Sunday, July 19, 2009

HYK-Apophis-Scarab-trail-a

HYK-Apophis-Scarab-trail-a

Scarab : Emblem/seal

A method of identifying property, as protection against theft, to mark the clay stoppers of oil and wine jars or the strip with which packaged goods were bound.

Seals were used as signatures on clay-tablet inscriptions. In Egypt, seals were used to sign papyrus scrolls. Ancient seals are of great value.

Scarab seals, which were small Egyptian seals generally made of amethyst, carnelian, or faience. They were generally shaped to resemble the sacred scarabaeus beetle of Egypt, often including legs around the perimeter. The base was level and engraved with hieroglyphs representing the names of kings, officials, and individuals; titles, blessings, and incantations.

Scaraboid seals are not carved with the beetle shape on their backs or legs along the perimeter. They were used mostly for signature or to mark possessions and were common in Syria

When doing a Google search for "the son of Re Apophis", I received over 1000 web pages. This is a hint of how many times people copy stuff from other pages and paste it in their own.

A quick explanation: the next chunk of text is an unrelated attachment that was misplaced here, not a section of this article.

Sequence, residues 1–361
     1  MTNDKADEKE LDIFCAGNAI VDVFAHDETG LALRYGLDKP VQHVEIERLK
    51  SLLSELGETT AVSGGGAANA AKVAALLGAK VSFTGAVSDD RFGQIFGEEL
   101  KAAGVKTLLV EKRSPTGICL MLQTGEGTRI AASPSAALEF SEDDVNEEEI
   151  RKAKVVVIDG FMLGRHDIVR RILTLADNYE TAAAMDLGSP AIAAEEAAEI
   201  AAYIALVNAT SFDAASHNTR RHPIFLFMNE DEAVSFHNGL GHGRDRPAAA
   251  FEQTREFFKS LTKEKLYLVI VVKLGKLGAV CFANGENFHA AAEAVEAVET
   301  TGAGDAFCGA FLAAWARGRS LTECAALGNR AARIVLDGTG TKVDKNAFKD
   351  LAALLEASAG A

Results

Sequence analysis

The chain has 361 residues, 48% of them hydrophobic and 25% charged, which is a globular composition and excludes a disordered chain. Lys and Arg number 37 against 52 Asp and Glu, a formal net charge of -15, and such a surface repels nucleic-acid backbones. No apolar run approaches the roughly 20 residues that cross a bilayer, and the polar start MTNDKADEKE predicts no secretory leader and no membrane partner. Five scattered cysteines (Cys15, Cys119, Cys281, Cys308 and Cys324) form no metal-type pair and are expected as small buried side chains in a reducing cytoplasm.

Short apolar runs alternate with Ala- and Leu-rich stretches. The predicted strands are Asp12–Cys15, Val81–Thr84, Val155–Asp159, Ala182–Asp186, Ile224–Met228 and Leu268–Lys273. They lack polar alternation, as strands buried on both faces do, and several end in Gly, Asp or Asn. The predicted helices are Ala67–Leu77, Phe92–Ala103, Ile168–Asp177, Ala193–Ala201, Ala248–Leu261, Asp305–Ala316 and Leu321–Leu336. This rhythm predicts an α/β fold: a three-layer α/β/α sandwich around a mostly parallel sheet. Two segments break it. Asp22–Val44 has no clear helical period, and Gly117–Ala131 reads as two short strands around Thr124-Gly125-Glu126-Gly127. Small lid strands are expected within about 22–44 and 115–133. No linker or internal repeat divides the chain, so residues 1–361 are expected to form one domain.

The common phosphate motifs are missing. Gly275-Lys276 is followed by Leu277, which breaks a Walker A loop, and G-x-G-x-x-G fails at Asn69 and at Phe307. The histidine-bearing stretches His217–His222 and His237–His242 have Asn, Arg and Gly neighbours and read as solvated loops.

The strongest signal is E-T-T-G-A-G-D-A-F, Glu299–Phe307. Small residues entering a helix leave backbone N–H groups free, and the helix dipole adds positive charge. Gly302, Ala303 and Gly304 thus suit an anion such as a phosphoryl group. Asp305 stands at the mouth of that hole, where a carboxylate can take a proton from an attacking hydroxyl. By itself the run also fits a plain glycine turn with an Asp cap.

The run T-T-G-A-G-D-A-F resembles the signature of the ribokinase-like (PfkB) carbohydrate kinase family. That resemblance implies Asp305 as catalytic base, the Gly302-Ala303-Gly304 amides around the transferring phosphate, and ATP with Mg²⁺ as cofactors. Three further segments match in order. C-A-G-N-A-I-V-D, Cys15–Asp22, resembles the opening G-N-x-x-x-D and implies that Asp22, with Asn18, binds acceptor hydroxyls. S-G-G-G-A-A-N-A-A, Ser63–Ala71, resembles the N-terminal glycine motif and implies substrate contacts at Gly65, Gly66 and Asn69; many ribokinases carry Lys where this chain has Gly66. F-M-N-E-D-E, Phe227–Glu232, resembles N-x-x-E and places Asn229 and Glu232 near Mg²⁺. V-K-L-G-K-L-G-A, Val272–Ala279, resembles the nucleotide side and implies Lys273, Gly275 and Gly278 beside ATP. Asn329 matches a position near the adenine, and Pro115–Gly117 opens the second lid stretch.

When I asked for evidence that any people identified as Hyksos were ever in Egypt, some one pasted a page that pointed to a Scarab that identified a Hyksos king.

The Scarab is held in the Museum of fine arts in Boston (U.S.A), so I went to their site, did a search for Apophis and was directed to this web page.

http://www.mfa.org/collections/search_art.asp?coll_keywords=Apophis

=============================


Their description:

Egyptian, Second Intermediate Period, 1630–1523 B.C.

Length: 2.1 cm (13/16 in.)
Steatite

Classification: Jewelry / Adornment

Object is currently not on view

Inscribed for "the son of Re Apophis"; scroll border.

Museum of Fine Arts, Boston

Gift of Horace L. Mayer, 1957
Accession number: 57.440

Provenance/Ownership History: Luigi Vassalli Collection (1812-1887); by 1957: Horace L. Mayer Collection; 1957: gift of Horace L. Mayer.

=============================


Recreation to bring out detail ...




As far as I can make out so far, the furthest it can be traced back is to a Luigi Vassalli, then to Horace Mayer who gave it to the museum?

There were mostly French pages on Vassalli, that I can not read, so I did not find out where Vassalli claimed he got the Scarab.

Unless some one can trace the origins of the museum piece, I will start from an old dead guy who claimed it was a purchased or found piece from Egypt. (assumption up to this point)



~




zendz